The Odlin-Otis House at 109 Spring Street, at the corner of Mary Street in Newport, in 1924. Image courtesy of the Providence Public Library.
The house in 2017:
The streets of downtown Newport are lined with many historic colonial-era buildings, including this house at the corner of Spring and Mary Streets. It was originally owned by John Odlin, who purchased the property in 1705 and evidently constructed the house shortly afterward. The house was subsequently expanded several times in the early 18th century, creating a long, narrow house with a highly asymmetrical Spring Street facade. Other early owners of the house included Jonathan Otis, a silversmith who was here around the time of the American Revolution.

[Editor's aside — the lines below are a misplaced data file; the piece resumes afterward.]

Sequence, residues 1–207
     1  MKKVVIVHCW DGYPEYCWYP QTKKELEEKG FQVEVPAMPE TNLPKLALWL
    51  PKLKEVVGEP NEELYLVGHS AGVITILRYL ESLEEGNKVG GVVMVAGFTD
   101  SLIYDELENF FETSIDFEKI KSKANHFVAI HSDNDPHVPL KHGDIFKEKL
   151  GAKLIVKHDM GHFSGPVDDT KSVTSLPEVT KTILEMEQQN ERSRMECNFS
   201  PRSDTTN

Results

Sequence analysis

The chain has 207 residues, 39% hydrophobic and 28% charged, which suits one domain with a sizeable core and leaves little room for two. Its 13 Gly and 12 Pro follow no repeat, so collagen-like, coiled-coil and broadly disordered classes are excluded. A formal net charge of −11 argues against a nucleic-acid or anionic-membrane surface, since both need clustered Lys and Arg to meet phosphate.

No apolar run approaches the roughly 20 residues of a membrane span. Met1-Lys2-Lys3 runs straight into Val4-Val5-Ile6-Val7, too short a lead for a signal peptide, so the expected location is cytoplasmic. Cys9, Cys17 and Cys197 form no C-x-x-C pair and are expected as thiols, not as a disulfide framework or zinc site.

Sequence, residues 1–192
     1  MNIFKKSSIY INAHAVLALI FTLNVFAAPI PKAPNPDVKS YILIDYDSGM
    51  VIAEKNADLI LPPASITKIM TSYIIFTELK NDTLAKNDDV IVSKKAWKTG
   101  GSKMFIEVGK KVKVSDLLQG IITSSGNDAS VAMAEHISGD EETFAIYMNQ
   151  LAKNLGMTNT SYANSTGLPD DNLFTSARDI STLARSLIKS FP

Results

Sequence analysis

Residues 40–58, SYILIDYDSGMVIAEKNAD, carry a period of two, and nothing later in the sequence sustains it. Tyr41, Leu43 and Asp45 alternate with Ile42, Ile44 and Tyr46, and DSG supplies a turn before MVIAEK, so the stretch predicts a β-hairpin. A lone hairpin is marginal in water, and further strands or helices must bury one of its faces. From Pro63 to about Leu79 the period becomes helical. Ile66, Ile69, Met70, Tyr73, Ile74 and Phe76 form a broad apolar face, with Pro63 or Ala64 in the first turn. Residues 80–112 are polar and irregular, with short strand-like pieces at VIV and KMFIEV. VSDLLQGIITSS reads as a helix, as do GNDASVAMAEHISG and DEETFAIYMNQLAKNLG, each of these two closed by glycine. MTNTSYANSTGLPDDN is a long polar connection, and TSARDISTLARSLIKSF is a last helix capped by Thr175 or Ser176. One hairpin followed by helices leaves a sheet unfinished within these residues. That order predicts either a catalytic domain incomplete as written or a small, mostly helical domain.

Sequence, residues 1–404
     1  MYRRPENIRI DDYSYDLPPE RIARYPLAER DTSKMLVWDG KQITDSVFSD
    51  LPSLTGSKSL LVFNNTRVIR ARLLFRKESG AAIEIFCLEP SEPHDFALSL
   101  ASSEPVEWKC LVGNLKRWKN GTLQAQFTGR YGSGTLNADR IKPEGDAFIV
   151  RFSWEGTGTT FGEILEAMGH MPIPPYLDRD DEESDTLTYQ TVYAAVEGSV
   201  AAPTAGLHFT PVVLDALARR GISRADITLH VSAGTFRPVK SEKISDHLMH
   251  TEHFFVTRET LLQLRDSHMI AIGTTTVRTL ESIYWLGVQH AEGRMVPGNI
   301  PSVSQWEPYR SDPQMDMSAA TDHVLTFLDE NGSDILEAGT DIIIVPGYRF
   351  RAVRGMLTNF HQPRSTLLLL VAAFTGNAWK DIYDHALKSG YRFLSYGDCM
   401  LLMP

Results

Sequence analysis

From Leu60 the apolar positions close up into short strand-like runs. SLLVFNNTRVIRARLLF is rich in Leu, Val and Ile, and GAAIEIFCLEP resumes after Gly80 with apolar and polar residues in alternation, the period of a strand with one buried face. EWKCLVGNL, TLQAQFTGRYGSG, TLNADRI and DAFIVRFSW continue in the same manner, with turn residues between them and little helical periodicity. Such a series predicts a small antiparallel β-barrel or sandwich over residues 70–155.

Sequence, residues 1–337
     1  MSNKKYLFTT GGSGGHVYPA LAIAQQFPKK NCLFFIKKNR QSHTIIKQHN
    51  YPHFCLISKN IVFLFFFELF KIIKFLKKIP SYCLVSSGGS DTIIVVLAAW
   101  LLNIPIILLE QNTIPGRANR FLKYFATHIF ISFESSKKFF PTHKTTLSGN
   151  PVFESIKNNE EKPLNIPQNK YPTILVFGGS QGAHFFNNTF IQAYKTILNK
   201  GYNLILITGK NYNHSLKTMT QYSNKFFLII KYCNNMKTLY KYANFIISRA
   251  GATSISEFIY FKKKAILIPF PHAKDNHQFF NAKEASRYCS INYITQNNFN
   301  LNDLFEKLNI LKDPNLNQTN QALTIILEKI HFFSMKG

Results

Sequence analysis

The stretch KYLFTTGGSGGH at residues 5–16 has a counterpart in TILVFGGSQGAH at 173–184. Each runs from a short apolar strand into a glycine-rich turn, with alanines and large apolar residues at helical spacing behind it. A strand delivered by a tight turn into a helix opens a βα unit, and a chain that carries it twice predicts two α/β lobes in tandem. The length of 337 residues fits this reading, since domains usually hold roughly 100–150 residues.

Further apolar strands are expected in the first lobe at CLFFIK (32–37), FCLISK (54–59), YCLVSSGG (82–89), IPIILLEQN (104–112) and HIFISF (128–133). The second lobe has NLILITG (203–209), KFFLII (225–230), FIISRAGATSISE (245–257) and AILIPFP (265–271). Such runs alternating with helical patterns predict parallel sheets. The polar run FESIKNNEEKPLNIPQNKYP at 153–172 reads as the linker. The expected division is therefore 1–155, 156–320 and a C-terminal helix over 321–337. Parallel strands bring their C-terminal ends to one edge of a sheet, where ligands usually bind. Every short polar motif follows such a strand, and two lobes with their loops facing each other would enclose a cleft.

At some point during the 19th century, the house was divided into two units, with two front entrances on the Spring Street side, as seen in the first photo. This arrangement continued throughout much of the 20th century, and at some point the exterior was covered in artificial siding. Despite these changes, the house remained as one of the oldest surviving buildings in Newport, and in 1968 it became a contributing property in the Newport Historic District. Four years later, it was purchased by the Newport Restoration Foundation, an organization that has been responsible for saving dozens of historic properties in the city. The Odlin-Otis House was restored in 1976-1977, and today it stands in far better condition than it was in when the first photo was taken nearly a century ago.